The system works beautifully, except that occasionally mistakes of judgment are made, and some female pipsqueak hired to help with the grading (in all of the cases I’ve mentioned, except that of Petee, it was a woman) turns out actually to care about educating people. She’s appalled when she realizes she’s part of a con game, and she goes public with the scandal.

In the case of Florida State University’s athlete-positive professor, we’re talking about an online (has to be online – makes it much, much easier to cheat or indeed do absolutely nothing and ace a course) hospitality course called Beverage Management.

I’m not making this up. At FSU, we have entirely entered the world of Don DeLillo’s White Noise, where a local university offers a course called Eating and Drinking: Basic Parameters.

But don’t be too harsh. FSU started out with much more curricular gravitas for its players. For decades, a music theory professor there let hundreds of athletes cheat their way through his intro course. When that scheme was revealed and became a big ol’ national scandal, FSU had to hustle to find another online curricular home for people it didn’t give a rat’s ass about educating. It lowered itself all the way down to a person who heads one section of his 33 page cv Scholary Honors (some of his students have had it up to here with his spelling). (Oh. And there’s this.)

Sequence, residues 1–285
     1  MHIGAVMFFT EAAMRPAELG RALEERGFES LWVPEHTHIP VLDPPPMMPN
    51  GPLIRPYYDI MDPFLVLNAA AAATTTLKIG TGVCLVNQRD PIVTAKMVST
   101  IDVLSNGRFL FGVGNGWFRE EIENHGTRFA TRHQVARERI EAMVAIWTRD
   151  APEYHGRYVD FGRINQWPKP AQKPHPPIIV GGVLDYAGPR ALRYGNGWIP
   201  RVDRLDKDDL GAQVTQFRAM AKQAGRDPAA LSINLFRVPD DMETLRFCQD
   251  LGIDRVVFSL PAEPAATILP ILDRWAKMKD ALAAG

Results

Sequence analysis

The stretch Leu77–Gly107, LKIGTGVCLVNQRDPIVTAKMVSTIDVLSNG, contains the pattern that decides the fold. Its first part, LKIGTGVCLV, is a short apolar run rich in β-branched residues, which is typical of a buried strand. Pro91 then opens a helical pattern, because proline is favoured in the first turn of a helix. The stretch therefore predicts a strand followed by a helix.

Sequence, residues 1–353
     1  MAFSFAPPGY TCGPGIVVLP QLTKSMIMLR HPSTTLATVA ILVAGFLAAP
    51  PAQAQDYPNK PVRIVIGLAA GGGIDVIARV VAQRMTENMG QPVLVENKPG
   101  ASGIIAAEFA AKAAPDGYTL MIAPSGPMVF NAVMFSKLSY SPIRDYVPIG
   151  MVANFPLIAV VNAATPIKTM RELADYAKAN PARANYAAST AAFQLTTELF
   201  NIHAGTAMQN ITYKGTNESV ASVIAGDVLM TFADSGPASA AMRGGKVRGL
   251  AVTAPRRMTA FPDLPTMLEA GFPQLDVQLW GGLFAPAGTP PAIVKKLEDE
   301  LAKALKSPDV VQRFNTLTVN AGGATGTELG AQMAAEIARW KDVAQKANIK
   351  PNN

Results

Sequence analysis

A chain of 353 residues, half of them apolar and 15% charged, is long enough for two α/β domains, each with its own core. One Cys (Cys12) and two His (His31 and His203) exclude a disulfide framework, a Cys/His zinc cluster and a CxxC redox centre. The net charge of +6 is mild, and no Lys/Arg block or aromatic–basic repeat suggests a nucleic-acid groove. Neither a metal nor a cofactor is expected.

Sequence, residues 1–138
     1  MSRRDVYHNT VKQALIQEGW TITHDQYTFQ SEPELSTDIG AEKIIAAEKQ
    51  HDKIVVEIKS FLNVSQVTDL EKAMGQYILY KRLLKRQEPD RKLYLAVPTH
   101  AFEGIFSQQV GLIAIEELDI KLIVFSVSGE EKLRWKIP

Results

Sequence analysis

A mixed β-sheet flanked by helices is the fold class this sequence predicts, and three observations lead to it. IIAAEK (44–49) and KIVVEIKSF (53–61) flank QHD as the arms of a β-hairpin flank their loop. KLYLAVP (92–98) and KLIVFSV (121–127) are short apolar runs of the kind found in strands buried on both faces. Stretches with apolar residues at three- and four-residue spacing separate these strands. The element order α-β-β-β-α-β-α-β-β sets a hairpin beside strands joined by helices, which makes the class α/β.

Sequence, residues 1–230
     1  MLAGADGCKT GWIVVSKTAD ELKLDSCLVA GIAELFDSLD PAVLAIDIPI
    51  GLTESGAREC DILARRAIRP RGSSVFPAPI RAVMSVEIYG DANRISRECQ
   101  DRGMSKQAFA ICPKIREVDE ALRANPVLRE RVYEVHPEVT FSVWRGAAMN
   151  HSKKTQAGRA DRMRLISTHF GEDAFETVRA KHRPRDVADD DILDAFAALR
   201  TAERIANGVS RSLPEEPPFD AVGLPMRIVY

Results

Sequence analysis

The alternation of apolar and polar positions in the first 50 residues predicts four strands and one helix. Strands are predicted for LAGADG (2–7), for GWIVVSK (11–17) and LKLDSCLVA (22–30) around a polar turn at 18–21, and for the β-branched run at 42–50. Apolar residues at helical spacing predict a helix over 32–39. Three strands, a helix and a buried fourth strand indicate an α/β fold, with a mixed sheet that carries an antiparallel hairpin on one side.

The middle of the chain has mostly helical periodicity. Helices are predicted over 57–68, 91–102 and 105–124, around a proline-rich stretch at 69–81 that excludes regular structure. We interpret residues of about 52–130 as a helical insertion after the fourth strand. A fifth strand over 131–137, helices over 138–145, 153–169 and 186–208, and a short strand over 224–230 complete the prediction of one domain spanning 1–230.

Where does FSU go now? When this latest cheating scandal is over, where can they go that’s even lower than online courses in Beverage Management?

Okay, so the two other con men the media’s paying attention to this week:

Like the FSU guy with his article-length cv trumpeting his amazing accomplishments (come to think of it, Professor Gun-Spree also has the self-presentation of an egomaniac), the children’s book author whose PEN nomination has been withdrawn on PEN discovering what actual Native American writers have been trying to tell the world for years – the writer is a con man – also displays a hilarious sense of his own greatness.

And let’s end with Paolo Macchiarini, shall we? Stem cell research of course is the hard-science con man’s Emerald City … And this guy, like the others, didn’t exactly hide his borderline-psychotic world of lies.